Let's face it, there's lots to think about when people use drugs. Consider the physical and psychological effects of the drug, how much you take, what it's made from, what it's cut with, where you use it, how you use it, who you use it with, where it's sourced from, and your physical and mental health. Combine two or more drugs and it's clear that mixing meth with other drugs is a very risky practice.
There's clear evidence about the effects of combining some drugs with meth, but for other drugs the evidence is less clear and the effect is unknown. But remember, a lack of evidence doesn't mean it's safe.
Medications for psychotic disorders (antipsychotics)
Medications used to treat psychotic disorders such as schizophrenia can stop working when people use meth as blood levels of these medications are often reduced. Without an adequate level of the medication in the blood, psychotic symptoms can return. Risk of seizures (fits) is also increased.
Regular doses of HIV medications are crucial for HIV positive people, but medications are often forgotten when a person is bingeing on meth.
Mixing meth and HIV medications can also cause meth toxicity (overdose) so it's very important to discuss the risks with your prescribing doctor.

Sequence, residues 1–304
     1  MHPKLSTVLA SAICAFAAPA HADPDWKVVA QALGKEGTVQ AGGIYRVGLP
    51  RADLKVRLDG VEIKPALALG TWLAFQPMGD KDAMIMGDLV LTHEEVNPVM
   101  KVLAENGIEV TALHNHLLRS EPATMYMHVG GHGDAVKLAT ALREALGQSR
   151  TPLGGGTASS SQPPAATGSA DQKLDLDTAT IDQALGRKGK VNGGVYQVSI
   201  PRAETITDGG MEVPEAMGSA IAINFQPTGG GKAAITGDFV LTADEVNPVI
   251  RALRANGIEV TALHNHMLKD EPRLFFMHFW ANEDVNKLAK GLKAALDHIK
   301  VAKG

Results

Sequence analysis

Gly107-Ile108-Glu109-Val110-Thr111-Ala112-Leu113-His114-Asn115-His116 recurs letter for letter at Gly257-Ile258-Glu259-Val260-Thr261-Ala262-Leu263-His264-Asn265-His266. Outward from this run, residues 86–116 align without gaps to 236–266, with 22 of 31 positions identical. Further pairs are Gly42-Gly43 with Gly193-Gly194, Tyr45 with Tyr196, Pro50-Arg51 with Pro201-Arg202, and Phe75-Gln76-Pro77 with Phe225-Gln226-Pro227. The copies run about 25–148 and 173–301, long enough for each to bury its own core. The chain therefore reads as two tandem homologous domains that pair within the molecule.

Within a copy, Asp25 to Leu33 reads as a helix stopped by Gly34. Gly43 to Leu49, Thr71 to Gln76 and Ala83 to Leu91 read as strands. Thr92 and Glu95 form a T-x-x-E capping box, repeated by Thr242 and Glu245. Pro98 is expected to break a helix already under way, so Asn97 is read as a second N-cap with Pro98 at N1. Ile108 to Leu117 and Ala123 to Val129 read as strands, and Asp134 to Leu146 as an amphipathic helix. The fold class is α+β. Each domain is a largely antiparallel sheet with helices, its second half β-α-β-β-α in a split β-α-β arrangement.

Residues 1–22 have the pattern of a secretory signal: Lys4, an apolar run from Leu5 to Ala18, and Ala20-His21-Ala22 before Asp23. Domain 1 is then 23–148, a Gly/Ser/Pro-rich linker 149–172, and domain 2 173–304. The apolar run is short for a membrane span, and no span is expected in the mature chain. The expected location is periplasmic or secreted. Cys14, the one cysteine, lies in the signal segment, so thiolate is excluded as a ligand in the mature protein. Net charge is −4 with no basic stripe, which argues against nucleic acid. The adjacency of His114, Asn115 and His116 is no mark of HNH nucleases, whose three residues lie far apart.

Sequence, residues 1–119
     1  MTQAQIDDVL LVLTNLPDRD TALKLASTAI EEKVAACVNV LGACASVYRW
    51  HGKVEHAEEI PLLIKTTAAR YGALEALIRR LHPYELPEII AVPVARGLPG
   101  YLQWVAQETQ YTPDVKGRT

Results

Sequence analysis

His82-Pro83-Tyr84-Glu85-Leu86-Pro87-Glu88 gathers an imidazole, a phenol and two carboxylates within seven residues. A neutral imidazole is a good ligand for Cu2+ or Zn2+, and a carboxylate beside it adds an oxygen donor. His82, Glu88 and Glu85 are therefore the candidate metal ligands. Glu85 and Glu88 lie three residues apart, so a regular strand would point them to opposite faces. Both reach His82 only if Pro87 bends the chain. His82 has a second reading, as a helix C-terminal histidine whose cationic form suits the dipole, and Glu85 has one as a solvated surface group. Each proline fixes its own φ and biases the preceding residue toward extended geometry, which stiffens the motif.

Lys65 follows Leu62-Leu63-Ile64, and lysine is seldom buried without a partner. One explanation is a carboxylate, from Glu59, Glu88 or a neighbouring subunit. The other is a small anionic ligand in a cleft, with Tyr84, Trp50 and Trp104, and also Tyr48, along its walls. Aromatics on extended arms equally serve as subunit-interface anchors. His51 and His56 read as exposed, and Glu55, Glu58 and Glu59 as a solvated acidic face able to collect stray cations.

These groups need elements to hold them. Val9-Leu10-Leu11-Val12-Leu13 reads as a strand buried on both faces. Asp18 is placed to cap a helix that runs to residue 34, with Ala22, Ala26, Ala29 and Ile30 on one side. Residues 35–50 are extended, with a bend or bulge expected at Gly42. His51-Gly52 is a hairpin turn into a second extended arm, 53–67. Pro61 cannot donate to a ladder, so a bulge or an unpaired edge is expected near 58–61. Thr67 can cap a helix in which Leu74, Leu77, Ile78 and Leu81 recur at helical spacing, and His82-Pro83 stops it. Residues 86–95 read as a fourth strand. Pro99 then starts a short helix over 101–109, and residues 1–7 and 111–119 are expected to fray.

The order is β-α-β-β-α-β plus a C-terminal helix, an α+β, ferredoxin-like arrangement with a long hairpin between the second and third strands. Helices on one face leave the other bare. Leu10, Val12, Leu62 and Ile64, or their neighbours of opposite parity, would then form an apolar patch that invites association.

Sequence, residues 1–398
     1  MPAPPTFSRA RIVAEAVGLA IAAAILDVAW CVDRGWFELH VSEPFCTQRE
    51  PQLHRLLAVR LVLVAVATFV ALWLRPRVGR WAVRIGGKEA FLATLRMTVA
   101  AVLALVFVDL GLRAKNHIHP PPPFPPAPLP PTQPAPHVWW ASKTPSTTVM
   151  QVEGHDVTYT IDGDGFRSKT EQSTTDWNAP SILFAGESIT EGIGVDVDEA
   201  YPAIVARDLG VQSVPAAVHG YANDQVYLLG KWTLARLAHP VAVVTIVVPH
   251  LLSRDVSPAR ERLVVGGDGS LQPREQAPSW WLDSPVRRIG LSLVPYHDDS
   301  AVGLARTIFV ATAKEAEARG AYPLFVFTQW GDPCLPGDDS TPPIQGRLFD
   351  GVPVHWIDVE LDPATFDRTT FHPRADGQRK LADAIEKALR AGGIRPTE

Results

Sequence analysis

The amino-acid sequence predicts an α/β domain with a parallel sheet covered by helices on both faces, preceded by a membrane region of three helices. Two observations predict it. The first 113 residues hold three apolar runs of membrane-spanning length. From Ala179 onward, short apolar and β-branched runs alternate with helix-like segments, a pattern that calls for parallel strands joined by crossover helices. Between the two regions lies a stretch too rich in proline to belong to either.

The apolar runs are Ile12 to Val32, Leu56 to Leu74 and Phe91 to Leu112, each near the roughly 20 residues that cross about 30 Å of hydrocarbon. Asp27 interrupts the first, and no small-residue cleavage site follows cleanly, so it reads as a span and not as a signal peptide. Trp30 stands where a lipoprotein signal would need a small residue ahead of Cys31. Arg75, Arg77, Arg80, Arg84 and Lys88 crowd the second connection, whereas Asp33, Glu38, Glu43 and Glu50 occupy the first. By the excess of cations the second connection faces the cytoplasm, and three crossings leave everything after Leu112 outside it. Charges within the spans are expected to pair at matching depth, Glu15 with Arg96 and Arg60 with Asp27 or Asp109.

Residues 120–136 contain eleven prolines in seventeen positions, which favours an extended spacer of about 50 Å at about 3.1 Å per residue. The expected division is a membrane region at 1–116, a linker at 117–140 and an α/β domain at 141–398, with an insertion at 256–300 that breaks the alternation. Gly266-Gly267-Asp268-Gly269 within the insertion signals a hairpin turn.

When combined with meth, alcohol can increase blood pressure and heart rate more than meth alone, which places a greater burden on the heart. Meth can also stop you from feeling drunk even when your blood alcohol levels are high so never drive a car even if you think you're ok or feel sober.
Meth users sometimes take more benzos than they intend. Like alcohol, even if you don't feel tired or relaxed, benzos will still effect you and your coordination.
Reduce your risk of accidents and becoming dependent on benzos by keeping track of how many pills you take and how often.
Avoid taking more than prescribed by your doctor. If they haven't been prescribed for you, take regular breaks and watch out for withdrawal symptoms when you cut down or stop (e.g. anxiety; difficulty concentrating; sleeping problems; headaches; sensitivity to loud noises/light/touch; feelings of unreality; numbness; metallic taste in the mouth; pain; stiffness and muscular spasms).